Post by: denny on March 31, 2011, 05:10:53 pm
I wouldn't give up on them. It one of the best brewing investments I ever made and I paid a lot more for mine than they are going for now.

I'll definitely break it out again next brew session and see how it does.
Title: Re: Is a refractometer worth the $$?
Post by: akr71 on March 31, 2011, 05:39:51 pm
I use my refractometer pre-fermentation and stick to the hydrometer for post fermentation.

+1

This is my practice as well.

I just bought mine and have yet to use it, other than calibrating it, but this is my intention - besides, licking the couple of drops off of the prism isn't really much of a taste is it...  ;D
Title: Re: Is a refractometer worth the $$?
Post by: narcout on April 02, 2011, 03:31:12 pm
I could never get an accurate FG reading out of my refractometer. When it broke, I didn't bother to replace it.
Title: Re: Is a refractometer worth the $$?
Post by: Malticulous on April 03, 2011, 02:23:32 am
I've yet to use one.  ???
Title: Re: Is a refractometer worth the $$?
Post by: glastctbrew on April 03, 2011, 06:05:12 pm

Thanks for the data Tom, your results have me wondering if my adjustment factor for my hydrometer has changed.  I haven't recalibrate it in about 8 months.  I've got an alt finishing up and the brown I brewed last weekend fermented like crazy and should be done by the weekend.  I'll recalibrate and run FG both ways this weekend and post my results.

Ok,   I just finished up doing my FG testing.   I recalibrated everything before I took my readings.  Since I always have a lab wash bottle of Distilled water handy I check my refractometer every time I use it.  It is sensitive to ambient temperatures.  Also, while it is an ATC model, I always cool my sample down to at least 90F before taking a reading.

Batch 1 Dusseldorf Alt
OG  1.048/11.9 Brix (by refractometer only)
FG 1.011 by Hydrometer (1.01 at 69.4F corrected to 1.011)
FG 5.8 Brix calulating to 1.011FG using Sean's algortihms

Batch 2 Northern English Brown Ale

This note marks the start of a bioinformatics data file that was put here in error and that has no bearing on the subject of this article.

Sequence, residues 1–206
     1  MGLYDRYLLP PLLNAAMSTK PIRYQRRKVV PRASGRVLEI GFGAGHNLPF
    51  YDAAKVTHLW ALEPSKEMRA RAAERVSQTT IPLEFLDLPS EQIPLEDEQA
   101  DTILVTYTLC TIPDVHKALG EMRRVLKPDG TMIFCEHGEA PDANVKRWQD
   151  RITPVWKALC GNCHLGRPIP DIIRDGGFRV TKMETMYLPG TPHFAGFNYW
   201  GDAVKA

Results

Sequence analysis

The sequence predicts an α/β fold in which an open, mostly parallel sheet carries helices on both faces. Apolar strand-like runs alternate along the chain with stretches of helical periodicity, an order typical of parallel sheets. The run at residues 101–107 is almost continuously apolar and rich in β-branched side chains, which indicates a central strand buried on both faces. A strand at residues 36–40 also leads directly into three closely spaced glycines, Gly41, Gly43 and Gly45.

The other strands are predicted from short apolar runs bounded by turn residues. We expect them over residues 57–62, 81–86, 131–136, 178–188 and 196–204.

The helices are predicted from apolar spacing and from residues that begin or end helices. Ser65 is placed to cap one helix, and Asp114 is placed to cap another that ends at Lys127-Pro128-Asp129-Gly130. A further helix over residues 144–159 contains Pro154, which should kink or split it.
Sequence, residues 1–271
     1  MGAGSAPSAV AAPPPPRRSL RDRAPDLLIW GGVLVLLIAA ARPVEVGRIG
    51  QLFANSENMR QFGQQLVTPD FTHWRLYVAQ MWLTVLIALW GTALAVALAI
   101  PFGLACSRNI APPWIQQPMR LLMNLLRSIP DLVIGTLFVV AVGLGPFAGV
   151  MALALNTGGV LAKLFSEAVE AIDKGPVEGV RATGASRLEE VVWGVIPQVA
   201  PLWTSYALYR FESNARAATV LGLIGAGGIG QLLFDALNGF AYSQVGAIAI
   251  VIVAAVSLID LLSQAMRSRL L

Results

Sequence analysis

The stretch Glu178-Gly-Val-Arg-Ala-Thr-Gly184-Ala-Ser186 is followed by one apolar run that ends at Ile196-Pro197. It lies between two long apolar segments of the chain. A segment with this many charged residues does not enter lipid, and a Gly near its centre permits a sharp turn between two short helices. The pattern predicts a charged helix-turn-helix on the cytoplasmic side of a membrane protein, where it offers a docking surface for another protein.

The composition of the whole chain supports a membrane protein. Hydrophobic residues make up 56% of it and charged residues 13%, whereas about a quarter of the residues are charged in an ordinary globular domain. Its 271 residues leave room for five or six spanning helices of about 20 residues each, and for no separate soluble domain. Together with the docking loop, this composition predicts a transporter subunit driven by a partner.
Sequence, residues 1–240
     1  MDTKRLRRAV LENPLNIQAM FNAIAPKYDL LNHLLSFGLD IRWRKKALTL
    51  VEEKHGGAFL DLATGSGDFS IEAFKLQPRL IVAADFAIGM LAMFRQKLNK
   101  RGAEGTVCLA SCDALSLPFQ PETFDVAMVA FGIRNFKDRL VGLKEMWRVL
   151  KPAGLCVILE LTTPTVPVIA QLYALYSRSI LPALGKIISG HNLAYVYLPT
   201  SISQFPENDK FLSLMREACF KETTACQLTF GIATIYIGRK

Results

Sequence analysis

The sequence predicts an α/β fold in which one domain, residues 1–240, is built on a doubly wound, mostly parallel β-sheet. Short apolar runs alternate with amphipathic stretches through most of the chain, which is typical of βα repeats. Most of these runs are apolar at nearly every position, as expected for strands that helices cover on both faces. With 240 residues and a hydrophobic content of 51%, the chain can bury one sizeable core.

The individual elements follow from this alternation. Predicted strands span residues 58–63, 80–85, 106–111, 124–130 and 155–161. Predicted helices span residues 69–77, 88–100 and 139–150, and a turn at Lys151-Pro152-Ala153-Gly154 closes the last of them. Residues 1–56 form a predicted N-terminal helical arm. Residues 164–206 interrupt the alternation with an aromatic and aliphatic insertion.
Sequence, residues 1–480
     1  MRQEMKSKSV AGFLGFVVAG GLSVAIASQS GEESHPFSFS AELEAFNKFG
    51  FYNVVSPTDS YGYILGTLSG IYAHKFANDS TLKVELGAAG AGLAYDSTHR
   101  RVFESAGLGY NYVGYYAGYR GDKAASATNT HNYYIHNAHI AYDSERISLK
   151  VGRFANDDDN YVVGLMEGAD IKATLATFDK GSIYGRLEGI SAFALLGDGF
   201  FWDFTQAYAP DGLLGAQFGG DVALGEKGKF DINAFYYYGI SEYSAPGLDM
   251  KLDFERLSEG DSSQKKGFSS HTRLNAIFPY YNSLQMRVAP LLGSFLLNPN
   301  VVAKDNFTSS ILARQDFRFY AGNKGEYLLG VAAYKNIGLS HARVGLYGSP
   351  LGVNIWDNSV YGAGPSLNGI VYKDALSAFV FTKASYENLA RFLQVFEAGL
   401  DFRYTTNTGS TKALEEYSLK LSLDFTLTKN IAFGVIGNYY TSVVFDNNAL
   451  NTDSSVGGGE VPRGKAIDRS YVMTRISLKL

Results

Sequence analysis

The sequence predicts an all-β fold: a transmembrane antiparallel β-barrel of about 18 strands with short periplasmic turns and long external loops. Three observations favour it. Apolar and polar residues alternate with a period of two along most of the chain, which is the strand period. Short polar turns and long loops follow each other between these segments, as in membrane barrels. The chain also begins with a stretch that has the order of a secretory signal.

OG  1.046/11.4Brix (by refractometer only)
FG 1.012 by Hydrometer (1.011 at 69.5F corrected to 1.012)
FG 6 Brix calulating to 1.012 FG using Sean's algortihms

Most of the beers I brew are 1.045 to 1.065 OG and Sean's correction factors give me great results. At this point I am content with storing my hydrometer for use on high OG brews.

Thanks again Sean.  I appreciate all the time and effort you put into your refractometer analysis!
Title: Re: Is a refractometer worth the $$?
Post by: phillamb168 on April 04, 2011, 07:46:25 am
I went looking for one the other day, I heard that patisserie/confectioners shops carry them. But JEEZ, 250 big ones before tax, no thanks. I'll stick with my hydrometer, thanks.

For what it's worth, I think a good quick-reading pH meter would be a better buy.
Title: Re: Is a refractometer worth the $$?
Post by: tygo on April 04, 2011, 11:12:24 am
I went looking for one the other day, I heard that patisserie/confectioners shops carry them. But JEEZ, 250 big ones before tax, no thanks. I'll stick with my hydrometer, thanks.

For what it's worth, I think a good quick-reading pH meter would be a better buy.

Here's an ATC one with free shipping worldwide for $30:  http://cgi.ebay.com/NEW-0-32-ATC-Brix-Refractometer-Wine-Beer-CNC-Sugar-/390202796300?pt=LH_DefaultDomain_0&hash=item5ad9e6290c

Title: Re: Is a refractometer worth the $$?
Post by: phillamb168 on April 04, 2011, 11:16:59 am
I went looking for one the other day, I heard that patisserie/confectioners shops carry them. But JEEZ, 250 big ones before tax, no thanks. I'll stick with my hydrometer, thanks.

For what it's worth, I think a good quick-reading pH meter would be a better buy.

Here's an ATC one with free shipping worldwide for $30:  http://cgi.ebay.com/NEW-0-32-ATC-Brix-Refractometer-Wine-Beer-CNC-Sugar-/390202796300?pt=LH_DefaultDomain_0&hash=item5ad9e6290c



Oh hellooooo.. Don't mind if I do. Thanks! 30 euros WITH SHIPPING, ftw.
Title: Re: Is a refractometer worth the $$?
Post by: maxieboy on April 05, 2011, 02:17:17 pm
I've got an ATC 0-32 Brix unit made by Alla in Chemille, France!